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I5-2500 vs i7-2600 for Solidworks

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June 11, 2011 9:59:21 PM

I am planning to (in about a month) build myself a computer for gaming, solidworks and matlab, and I will probably not OC past what I can do without changing voltages. It is clear that for gaming the i5-2500 (or k version) is the best performance for the price, but I wanted to figure out if the i7-2600 had anything substantial to offer for solidworks or matlab. I haven't found a good source of matlab's benchmark results yet (only this article http://www.mathworks.com/matlabcentral/newsreader/view_thread/296005) so this thread will be about the solidworks benchmarks.

A searchable list of solidworks benchmarks results can be found here:
http://www.solidworks.com/sw/support/shareyourscore.htm

I have organized them by processor and made some graphs showing results.
All scores are in seconds (lower is better).
The markers correspond to average scores.
The error bars with end caps are one standard deviation from average.
The error bars without end caps are max and min scores.
Each graph is labeled by what the solidworks website called the benchmark.



I expected to see (especially on the cpu scores) tighter groupings for the non-K version of each CPU in all of these benchmarks, as varying amounts of overclocking on the K versions should spread out those results. However, this only really happened on the "Render" benchmark. However, I was surprised by how tight groupings were on the 2500K, not even overlaping 2500 results on "CPU" or "I/O".

In cases where the averages are far apart the 2500K wins over the 2500 by amounts that don't seem reasonable (unless everyone OC'd the crap out of their 2500K). If I didn't realize the K version of each chip was so similar to the normal version, these results would lead me to buy the i5-2500K, but those differences do not seem reasonable, so I figured I should look for an explanation. Also the 2600K has an extremely large spread in all results.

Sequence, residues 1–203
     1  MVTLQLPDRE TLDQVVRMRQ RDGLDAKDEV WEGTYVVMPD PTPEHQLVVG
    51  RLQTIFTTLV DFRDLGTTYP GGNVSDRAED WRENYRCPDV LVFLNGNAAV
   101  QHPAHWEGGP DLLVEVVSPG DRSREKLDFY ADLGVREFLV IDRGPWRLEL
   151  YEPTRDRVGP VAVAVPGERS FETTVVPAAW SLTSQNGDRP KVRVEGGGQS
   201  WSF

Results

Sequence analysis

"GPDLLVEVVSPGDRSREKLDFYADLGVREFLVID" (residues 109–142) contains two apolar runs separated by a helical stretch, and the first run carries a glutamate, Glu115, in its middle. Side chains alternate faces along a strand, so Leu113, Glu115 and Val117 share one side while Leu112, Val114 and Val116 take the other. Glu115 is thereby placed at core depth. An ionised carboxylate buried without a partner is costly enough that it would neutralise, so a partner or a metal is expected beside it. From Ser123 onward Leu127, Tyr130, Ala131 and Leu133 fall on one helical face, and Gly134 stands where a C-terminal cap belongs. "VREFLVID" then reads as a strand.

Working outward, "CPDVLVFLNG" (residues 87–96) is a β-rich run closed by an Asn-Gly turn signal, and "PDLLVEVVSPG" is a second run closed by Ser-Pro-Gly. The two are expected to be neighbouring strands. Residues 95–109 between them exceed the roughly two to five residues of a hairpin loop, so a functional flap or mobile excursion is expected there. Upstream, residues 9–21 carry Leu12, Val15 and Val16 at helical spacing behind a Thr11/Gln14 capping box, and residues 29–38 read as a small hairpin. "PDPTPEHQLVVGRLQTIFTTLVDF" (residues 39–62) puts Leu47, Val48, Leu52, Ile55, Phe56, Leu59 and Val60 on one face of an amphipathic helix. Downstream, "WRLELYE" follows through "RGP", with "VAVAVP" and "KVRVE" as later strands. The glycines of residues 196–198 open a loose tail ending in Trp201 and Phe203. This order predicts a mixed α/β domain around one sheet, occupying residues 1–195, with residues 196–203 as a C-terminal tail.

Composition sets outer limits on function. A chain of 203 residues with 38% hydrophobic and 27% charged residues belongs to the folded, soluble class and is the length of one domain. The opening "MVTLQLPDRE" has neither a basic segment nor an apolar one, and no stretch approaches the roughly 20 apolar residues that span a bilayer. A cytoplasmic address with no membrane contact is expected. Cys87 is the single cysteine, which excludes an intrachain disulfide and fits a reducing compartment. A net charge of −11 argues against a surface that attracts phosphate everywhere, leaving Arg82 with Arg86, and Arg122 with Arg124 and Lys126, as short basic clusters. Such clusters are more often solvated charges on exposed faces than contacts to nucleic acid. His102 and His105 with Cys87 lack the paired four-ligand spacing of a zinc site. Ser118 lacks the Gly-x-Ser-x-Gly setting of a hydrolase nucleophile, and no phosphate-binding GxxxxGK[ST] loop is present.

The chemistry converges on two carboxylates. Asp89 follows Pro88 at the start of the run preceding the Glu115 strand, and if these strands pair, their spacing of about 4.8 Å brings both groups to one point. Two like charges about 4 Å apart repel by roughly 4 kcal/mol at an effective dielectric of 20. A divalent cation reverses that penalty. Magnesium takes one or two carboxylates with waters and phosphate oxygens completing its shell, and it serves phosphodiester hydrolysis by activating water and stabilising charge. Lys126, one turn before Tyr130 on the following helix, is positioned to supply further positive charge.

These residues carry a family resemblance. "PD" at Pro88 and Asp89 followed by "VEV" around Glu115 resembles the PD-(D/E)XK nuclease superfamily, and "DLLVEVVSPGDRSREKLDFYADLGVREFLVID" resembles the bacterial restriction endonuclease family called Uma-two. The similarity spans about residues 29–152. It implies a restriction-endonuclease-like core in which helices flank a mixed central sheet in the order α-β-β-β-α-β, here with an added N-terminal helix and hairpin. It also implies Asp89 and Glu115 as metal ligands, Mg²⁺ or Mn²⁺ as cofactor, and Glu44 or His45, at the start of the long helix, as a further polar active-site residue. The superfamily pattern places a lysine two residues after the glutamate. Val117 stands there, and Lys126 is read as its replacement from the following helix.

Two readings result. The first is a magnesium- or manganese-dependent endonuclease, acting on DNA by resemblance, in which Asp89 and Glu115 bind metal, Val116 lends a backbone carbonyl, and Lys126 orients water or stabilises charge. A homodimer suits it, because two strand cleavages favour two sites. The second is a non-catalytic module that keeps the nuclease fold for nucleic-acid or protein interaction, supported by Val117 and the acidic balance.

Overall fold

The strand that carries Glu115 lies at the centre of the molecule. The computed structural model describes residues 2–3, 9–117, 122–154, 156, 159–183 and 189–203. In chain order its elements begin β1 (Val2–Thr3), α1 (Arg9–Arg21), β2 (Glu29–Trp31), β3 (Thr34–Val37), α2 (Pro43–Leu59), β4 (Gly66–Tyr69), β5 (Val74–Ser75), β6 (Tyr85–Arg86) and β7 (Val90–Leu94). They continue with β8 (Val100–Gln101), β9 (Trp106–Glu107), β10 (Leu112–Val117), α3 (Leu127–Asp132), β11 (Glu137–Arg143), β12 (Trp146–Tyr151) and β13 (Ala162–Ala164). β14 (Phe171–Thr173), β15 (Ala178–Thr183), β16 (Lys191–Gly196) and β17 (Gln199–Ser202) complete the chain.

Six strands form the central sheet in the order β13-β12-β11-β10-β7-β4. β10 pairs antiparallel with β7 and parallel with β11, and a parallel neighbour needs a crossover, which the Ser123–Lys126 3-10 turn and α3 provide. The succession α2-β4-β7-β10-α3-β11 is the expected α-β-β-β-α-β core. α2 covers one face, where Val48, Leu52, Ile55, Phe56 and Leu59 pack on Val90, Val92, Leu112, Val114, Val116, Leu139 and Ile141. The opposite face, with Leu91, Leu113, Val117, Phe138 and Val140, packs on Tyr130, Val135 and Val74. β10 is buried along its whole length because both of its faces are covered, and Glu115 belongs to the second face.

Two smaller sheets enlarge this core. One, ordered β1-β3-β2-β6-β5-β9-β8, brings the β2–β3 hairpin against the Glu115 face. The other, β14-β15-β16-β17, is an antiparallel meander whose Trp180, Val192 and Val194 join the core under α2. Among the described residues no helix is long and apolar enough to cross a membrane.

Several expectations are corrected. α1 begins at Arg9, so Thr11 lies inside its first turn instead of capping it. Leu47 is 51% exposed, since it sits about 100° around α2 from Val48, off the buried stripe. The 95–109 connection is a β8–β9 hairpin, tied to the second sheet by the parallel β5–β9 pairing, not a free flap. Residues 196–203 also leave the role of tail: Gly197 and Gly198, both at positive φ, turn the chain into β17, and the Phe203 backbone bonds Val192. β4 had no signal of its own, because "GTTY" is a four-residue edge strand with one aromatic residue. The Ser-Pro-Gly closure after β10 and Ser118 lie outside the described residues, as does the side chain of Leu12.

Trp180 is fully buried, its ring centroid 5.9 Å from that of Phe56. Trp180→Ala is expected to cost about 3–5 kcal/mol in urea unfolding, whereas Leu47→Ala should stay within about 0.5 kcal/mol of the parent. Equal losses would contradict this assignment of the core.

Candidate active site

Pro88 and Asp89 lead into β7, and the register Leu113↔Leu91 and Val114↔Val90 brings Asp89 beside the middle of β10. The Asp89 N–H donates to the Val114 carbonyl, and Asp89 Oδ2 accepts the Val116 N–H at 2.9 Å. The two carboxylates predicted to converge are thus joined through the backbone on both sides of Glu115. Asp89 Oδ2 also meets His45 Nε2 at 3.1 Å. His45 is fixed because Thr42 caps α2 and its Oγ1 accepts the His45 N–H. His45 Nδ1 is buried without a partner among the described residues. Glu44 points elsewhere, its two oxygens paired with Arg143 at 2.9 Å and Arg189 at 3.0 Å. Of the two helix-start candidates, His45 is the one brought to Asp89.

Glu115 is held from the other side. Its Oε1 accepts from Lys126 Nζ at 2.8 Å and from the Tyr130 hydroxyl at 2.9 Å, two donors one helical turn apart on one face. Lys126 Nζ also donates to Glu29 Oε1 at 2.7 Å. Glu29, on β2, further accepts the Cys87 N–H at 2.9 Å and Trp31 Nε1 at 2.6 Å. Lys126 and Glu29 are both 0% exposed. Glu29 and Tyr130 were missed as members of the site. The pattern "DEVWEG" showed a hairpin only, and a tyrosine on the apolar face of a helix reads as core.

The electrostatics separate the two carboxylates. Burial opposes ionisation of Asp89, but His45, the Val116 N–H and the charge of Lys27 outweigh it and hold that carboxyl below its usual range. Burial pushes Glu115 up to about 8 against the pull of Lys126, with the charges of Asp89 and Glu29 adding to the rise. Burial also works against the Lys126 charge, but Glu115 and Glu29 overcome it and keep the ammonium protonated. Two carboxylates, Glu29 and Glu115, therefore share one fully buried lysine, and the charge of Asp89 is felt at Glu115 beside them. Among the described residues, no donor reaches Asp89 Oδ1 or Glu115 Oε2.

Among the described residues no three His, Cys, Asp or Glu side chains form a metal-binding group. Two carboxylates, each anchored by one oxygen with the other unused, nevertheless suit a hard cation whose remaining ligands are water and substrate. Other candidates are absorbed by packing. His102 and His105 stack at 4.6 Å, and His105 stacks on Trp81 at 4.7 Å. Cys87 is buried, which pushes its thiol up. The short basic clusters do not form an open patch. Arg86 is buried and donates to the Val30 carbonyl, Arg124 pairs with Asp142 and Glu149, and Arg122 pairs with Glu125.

Maybe better results came from computers in which better parts went in overall. I don't have very much information about the computers these cpu's were in, or how much OC'ing was done, so the best I can really do is a histogram of GPU's based on price (widely varying ages and some being professional made comparing benchmarks unreasonable).

I'm going to assume that more expensive GPU's not only would do better against cheaper GPU's but also correspond to the other parts of the computer being better.
A price of 0 means something like "VNC Mirror Driver" was written in the GPU column.
With the exception of the 2500 (non K) all histograms are scaled to have the same total area filled in with bars, so height corresponds to percent in a comparable sense.
Here are the histograms:


Note that for the i7-2600K the expensive graphics card, the ATI FirePro V7800 (FireGL) corresponded to the best results where on the i5-2500K it corresponded to very mixed results (even though the guy who used it in the 2500K was kind enough to write in that he OC'd his to 4.6 GHz.

These histograms do seem like enough to imply that the 2500K's were on average put into better computer's than the 2500 and explain the huge differences in benchmarks. They also explain the large spreads on the 2600K benchmarks.

It looks like on average the 2600 (k or not) isn't better by enough to buy it and large spreads from average seem to be explained by GPU.

I'd be interested in hearing more ways of interpreting these results as well as opinions on whether the 2600 has anything to offer.

More about : 2500 2600 solidworks

June 11, 2011 10:00:19 PM

Dammit, my links and pictures didn't work, I'll have to fix that.

Edit: fixed them
a c 309 à CPUs
June 12, 2011 3:36:42 AM

The 2500 and 2500K are exactly the same, except that the K can be overclocked.
If no overclocking is involved, the benchmarks should have been precisely the same.
I would assume that there was some level of OC involved to show such improved results.

Ditto, the 2600 and 2600K. The 2600 and 2600K start at one multiplier higher, and they have more cache. They also support hyperthreading.
the 2600K costs about $100 more than the 2500K.

Each chip can be different, anf the OC you can expect will vary. To my mind, you can expect 4.0 as a conservative oc using the voltage on auto,